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Road Zen


With my teenaged son now learning to drive, and my daughters only driving for a couple of short years, I find myself revisiting the previously routine act of driving.

Once, in the Buddhist discussion group to which I belong, a visiting Sri Lankan monk advised us of a neat little trick of mindfulness on the road.

“Red lights,” he told us” are the perfect places to meditate.”

We must have looked dubious at best, imagining zoned out drivers awakened by a cacophony of horns the second the light turns greens.

But he clarified. He meant we should be mindful at the red light, looking about and noticing other drivers, pedestrians, shops and houses, the elements of the moment when we come to a stop. And mindful of when the light turns green and we can proceed again, still ever mindful.

He extended the metaphor to other moments in our lives that are perhaps confrontational or confusing.

“These are red lights in our lives,” he said. “Just stop, breathe, notice and proceed only when the light turns green.”
The monk’s words have made an enormous impact on my daily life, on the road and off. But the difference on the road has been the most impressive and, I hope, the most enduring to my newly fledged drivers.

Among other things, I’ve adopted the habit of driving 3-5 mph. below the speed limit, wherever that’s reasonable (which is actually most places). The speed limit is, after all, just that – a limit of speed not to be exceeded, not the limit at which I must always drive. Driving just below the speed limit has both raised my gas mileage and lowered my blood pressure.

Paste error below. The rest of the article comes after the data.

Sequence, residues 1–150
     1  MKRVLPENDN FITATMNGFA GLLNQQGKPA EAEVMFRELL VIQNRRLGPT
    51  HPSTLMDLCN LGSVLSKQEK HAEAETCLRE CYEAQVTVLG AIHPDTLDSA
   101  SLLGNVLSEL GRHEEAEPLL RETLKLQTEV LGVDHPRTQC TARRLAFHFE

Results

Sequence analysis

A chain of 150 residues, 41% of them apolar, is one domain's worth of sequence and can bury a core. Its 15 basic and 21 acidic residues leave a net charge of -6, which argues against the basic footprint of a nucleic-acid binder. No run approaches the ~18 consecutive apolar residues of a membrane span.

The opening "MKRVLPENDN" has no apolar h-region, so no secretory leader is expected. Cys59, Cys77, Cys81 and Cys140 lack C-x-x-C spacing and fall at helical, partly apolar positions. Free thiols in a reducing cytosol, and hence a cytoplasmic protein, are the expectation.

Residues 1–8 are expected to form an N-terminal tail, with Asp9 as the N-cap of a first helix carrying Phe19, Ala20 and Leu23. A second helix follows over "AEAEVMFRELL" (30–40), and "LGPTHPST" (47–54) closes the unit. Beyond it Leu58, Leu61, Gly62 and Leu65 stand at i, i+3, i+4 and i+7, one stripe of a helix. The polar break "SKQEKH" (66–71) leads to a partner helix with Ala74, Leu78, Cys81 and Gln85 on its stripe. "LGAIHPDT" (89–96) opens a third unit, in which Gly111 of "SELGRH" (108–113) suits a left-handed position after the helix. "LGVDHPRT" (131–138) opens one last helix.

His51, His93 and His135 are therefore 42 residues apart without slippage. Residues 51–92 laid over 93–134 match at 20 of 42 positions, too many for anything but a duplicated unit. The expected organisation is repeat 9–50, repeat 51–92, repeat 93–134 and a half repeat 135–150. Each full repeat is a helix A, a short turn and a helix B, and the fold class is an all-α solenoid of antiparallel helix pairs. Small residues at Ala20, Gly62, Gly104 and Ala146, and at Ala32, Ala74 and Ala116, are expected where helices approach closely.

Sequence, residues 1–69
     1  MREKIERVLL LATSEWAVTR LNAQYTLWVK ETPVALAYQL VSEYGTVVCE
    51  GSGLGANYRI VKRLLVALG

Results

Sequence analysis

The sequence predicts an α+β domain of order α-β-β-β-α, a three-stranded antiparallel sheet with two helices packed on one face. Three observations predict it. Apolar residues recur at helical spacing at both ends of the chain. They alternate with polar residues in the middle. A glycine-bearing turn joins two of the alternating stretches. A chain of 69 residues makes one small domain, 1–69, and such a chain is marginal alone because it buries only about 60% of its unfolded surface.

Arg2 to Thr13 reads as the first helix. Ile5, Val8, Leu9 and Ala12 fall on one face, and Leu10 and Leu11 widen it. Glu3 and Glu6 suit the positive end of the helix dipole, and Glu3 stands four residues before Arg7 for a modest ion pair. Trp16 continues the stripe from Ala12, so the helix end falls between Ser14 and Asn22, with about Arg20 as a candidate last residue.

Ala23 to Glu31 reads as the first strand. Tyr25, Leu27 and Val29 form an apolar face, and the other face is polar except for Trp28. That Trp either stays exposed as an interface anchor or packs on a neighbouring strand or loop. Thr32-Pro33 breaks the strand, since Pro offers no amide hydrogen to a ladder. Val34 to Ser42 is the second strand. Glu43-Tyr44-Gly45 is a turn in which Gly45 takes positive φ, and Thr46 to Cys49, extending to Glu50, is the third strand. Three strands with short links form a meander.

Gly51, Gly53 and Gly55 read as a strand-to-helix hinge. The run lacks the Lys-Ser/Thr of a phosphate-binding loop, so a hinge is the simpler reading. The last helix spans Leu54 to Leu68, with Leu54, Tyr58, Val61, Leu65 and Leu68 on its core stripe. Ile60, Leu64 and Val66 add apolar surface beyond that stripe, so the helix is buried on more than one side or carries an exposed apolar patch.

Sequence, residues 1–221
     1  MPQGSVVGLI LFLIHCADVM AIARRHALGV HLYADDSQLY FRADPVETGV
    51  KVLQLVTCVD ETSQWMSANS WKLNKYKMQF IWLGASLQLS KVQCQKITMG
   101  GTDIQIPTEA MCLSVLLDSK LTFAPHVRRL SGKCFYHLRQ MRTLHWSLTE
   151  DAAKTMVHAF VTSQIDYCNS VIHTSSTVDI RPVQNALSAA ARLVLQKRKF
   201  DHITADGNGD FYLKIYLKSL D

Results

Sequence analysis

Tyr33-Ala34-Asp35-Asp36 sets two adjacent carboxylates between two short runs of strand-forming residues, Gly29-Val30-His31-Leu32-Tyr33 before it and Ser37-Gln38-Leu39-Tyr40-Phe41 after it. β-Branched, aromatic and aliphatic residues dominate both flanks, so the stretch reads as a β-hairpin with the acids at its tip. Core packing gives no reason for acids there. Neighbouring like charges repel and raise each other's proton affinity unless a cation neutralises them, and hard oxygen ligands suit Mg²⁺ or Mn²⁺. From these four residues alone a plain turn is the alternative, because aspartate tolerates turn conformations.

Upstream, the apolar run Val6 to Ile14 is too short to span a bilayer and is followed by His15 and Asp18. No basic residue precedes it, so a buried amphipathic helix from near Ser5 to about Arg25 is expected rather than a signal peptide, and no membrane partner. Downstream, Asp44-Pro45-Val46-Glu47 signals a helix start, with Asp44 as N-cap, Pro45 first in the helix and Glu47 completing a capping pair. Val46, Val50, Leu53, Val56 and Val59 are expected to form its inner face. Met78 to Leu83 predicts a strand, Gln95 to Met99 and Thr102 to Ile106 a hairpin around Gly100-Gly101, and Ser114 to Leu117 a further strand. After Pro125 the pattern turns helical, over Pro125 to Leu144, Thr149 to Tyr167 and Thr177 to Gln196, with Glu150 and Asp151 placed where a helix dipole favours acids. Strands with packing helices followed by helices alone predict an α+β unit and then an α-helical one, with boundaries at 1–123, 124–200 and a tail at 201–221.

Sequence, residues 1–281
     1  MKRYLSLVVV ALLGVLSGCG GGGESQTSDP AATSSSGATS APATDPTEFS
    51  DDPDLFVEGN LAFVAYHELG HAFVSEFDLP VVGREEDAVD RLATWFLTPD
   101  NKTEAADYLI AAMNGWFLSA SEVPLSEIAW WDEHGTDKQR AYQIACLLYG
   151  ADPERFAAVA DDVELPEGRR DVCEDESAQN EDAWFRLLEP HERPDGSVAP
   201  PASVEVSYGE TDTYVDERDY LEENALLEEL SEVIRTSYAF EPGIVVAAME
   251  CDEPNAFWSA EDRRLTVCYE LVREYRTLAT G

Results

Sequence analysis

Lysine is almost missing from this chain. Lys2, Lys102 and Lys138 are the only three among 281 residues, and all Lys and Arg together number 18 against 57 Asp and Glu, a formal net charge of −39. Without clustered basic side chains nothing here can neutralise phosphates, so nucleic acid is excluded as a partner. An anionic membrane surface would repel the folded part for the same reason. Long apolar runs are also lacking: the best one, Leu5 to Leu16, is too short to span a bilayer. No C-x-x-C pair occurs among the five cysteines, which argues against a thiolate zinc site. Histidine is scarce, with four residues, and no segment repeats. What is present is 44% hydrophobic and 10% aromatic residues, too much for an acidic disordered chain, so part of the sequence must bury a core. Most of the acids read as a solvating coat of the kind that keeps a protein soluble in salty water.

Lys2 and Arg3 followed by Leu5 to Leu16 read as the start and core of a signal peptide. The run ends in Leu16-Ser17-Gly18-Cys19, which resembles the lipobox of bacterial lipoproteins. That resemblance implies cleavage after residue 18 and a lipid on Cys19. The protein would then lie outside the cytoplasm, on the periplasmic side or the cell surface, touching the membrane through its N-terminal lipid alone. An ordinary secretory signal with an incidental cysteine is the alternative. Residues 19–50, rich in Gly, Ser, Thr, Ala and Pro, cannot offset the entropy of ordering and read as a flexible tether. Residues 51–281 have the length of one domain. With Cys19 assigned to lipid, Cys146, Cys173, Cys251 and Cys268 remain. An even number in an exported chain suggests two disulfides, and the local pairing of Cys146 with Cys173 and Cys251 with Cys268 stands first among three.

I have this little computerized monitoring device in my car that gives me a read out of the average mpg of my car. It’s become a vehicular biofeedback device. In angling for the high score, my overall sense of calmness and well being commensurately increase.

It does seem to have an opposite affect on other drivers, though, as the more closely I adhere to the speed limit, the more frenzied my co-drivers become, crossing double yellow lines, passing on curves, and flashing their lights to impress upon me their sense of urgency. And they leave me remembering and ashamed in the dust of their passing for having felt the same impatience in the past, at others who were the driver I’ve become.

Where, I wonder now, had I been in such a hurry to go? I’m getting to places on time easily now, earlier in fact, as my measured driving agrees with timed street lights and gives me more time to make informed driving decisions. It’s as if, by pressing less urgently on the fabric of time (and the accelerator), I pass through the world more easily, with less resistance.I’ve heard the argument that “slow drivers” – essentially anyone not exceeding the speed limit or otherwise “keeping up with traffic” – cause accidents. But I don’t buy that argument and God forbid should my children. People for whom other people don’t matter cause accidents; people like those passing me on double yellow lines, speeding, and impatiently darting in and out of traffic cause accidents.

We raise our children to resist peer pressure to smoke, drink or use drugs, and then we dare to suggest that they accept peer pressure from other drivers because everyone else is in a hurry?

I don’t think so.

I hope my daughters carry their self awareness and independent mindfulness with them on the road always, and that my son will as well, and that no amount of pressure from impatient strangers will compel them to do other than their conscience and sense of safety and well being dictate.

If you find yourself behind a driver doing the speed limit, or even a little less, especially a youthful looking girl with a pony tail, or a tall skinny boy with tousled hair think twice before you hit the horn.

If you’re in a hurry, pass at your own risk. But remember that every decision you make on the road involves others, and my children’s lives are also in your hands, no matter how late you are or how important you feel. Whatever you do, make it your choice though, and don’t insist that other drivers cater to your impatience.

Consider that leisurely drive an opportunity to reflect on and truly appreciate, being alive, and helping keep others alive, too.
My family and I thank you.

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